Chamberlain--in the final. Up a point with four seconds to go,
Carolina's playmaker, Tommy Kearns, who had been sent out to
jump the opening tip against the Stilt, hurled the ball
heavenward. When it came down, Carolina was the NCAA champion,
and college basketball was a true national sport.
NOVEMBER 23, 1984
Boston College 47, Miami 45
Miami's fatal error: They scored too quickly. The touchdown that
put them ahead 45-41 came with 28 seconds to play, and Eagles
quarterback Doug Flutie needed only six seconds to become a
hero. Taking the snap at the Miami 48, Flutie threw a sodden
ball 64 yards--in the rain, into the wind, into a crowd--and it
was caught by BC receiver Gerard Phelan in the end zone. That
throw won the Heisman Trophy for Flutie and a Cotton Bowl bid
for BC. Poor Bernie Kosar of Miami. He threw for 447 yards, and
no one noticed.
DECEMBER 28, 1958
Colts 23, Giants 17 (OT)
The Greatest NFL Game Ever Played? Maybe. The Most Important NFL
Game Ever Played? Indisputably, because it changed the way
America looked at pro football. In the gloomy fourth-quarter
shadows of Yankee Stadium, after the Colts' legendary defensive
end Gino Marchetti broke his ankle while stopping Frank Gifford
on a third-down sweep, Johnny Unitas himself became a legend,
passing (mostly to Raymond Berry) on the drive that tied the
game on a last-second field goal. Then Johnny U won it with
another long drive in overtime, as the Colts band struck up the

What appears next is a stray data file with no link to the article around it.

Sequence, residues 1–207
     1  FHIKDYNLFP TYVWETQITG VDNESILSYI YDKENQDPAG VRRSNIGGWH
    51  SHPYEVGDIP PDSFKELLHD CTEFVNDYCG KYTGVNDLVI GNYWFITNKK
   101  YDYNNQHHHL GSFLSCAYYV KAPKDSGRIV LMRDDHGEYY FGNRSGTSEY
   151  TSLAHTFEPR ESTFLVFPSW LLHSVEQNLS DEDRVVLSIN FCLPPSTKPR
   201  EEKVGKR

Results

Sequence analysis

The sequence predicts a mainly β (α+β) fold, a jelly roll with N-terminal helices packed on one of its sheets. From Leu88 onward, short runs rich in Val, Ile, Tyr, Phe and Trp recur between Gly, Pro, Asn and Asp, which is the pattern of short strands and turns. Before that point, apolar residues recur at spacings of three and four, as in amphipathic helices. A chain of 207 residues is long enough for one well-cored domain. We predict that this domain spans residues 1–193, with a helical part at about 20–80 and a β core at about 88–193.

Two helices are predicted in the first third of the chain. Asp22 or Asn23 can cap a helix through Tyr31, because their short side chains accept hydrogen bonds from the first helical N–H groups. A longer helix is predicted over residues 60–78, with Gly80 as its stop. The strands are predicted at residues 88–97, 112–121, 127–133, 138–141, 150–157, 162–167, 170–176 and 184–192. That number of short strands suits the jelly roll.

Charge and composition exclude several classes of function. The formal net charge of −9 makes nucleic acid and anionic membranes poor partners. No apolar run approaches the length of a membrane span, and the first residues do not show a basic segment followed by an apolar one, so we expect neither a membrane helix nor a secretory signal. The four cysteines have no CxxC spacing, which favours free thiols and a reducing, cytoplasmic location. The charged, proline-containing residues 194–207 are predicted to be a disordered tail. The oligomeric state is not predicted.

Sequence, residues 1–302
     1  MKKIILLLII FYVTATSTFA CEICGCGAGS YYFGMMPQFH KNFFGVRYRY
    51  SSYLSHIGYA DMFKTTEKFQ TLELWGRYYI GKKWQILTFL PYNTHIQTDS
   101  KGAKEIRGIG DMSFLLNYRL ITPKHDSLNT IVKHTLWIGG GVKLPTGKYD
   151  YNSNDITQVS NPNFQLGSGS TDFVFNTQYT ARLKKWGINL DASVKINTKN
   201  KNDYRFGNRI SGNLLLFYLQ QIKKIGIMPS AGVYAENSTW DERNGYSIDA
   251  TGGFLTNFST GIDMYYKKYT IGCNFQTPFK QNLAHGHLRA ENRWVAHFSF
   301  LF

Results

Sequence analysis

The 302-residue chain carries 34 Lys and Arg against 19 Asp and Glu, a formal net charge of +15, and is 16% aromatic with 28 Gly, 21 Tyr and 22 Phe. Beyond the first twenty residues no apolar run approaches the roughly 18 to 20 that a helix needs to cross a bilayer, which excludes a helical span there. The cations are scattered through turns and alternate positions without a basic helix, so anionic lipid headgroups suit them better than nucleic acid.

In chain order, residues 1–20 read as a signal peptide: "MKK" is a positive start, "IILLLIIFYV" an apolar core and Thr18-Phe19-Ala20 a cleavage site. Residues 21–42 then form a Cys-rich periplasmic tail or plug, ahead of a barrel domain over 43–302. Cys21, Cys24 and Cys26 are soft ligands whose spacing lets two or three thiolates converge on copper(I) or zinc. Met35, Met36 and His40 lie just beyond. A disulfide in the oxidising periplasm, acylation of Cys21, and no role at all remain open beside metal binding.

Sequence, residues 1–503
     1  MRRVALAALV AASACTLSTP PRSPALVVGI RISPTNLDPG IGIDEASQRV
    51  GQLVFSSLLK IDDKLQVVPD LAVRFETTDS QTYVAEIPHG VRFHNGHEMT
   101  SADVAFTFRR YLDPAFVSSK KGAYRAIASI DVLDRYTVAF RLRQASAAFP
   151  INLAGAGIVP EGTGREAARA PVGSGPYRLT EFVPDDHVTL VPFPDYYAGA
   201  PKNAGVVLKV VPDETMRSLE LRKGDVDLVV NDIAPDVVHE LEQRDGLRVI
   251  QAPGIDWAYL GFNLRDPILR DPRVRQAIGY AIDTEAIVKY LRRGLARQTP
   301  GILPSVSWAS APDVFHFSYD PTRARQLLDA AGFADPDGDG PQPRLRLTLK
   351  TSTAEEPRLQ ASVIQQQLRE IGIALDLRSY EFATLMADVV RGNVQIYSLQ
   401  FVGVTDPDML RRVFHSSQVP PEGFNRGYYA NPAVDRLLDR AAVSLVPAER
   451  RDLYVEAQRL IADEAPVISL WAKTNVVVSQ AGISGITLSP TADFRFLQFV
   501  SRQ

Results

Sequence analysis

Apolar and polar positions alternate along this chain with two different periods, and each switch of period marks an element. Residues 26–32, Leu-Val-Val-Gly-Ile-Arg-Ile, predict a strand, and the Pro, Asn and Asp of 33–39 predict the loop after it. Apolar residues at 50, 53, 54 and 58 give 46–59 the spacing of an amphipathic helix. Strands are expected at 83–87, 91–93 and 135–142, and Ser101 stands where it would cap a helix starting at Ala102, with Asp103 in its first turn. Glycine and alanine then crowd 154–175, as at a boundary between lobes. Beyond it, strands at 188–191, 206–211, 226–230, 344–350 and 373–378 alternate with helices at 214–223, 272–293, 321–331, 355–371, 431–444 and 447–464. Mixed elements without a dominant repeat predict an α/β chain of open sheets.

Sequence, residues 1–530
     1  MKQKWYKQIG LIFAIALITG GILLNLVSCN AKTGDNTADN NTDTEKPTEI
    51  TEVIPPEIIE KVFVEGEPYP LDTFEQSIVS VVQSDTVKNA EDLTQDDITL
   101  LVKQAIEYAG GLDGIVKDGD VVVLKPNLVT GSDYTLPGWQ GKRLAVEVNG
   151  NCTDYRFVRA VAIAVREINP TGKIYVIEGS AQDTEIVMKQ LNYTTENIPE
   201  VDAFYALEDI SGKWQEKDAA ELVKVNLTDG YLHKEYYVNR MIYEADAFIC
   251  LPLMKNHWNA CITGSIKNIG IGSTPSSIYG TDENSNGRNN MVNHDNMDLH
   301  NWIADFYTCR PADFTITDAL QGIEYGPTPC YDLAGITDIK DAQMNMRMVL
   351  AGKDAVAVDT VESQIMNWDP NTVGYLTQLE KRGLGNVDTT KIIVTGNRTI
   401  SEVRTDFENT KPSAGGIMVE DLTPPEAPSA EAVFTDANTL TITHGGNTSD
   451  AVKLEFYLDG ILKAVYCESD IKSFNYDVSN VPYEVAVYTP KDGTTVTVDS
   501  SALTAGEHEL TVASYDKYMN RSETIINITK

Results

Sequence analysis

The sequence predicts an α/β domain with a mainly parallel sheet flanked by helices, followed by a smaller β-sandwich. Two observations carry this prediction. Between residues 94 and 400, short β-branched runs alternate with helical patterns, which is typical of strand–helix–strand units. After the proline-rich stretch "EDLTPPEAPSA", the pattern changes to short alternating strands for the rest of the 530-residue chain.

fight song: "For Baltimore and Marylannnd, you will march on to
vic-to-reeee!" Which is exactly what the NFL did.
OCTOBER 3, 1947
Dodgers 3, Yankees 2
With two outs in the bottom of the ninth, Bill Bevens, an
undistinguished fourth starter with a 7-13 record for the
Yankees, had a 2-1 lead and a chance to put his team up three
games to one in the '47 World Series. More important, he was one
out from the first no-hitter in Series history. When the Dodgers
got two runners on with walks, their fate was left to a
34-year-old journeyman pinch hitter named Cookie Lavagetto. Here
was the very essence of the national pastime: two very ordinary
Americans playing at history. Lavagetto doubled off the
rightfield wall to drive in two runs. Brooklyn won 3-2. Of
course, the Yankees won the Series anyway, and nine years later
another Yankee righthander, Don Larsen, would throw the first
Series no-hitter...against the Dodgers.
JULY 5, 1980
John McEnroe 18, Bjorn Borg 16
The 13th game of the fourth set of the '80 Wimbledon final was
the most excruciatingly sustained display of brilliance ever
seen on a tennis court. McEnroe survived five championship
points, while Borg escaped seven set points before he muffed a
drop volley off a wicked forehand return of serve. It was almost
the only bad shot in the 22-minute tiebreaker. Incredibly, Borg
regrouped to play almost as flawlessly in the fifth set to win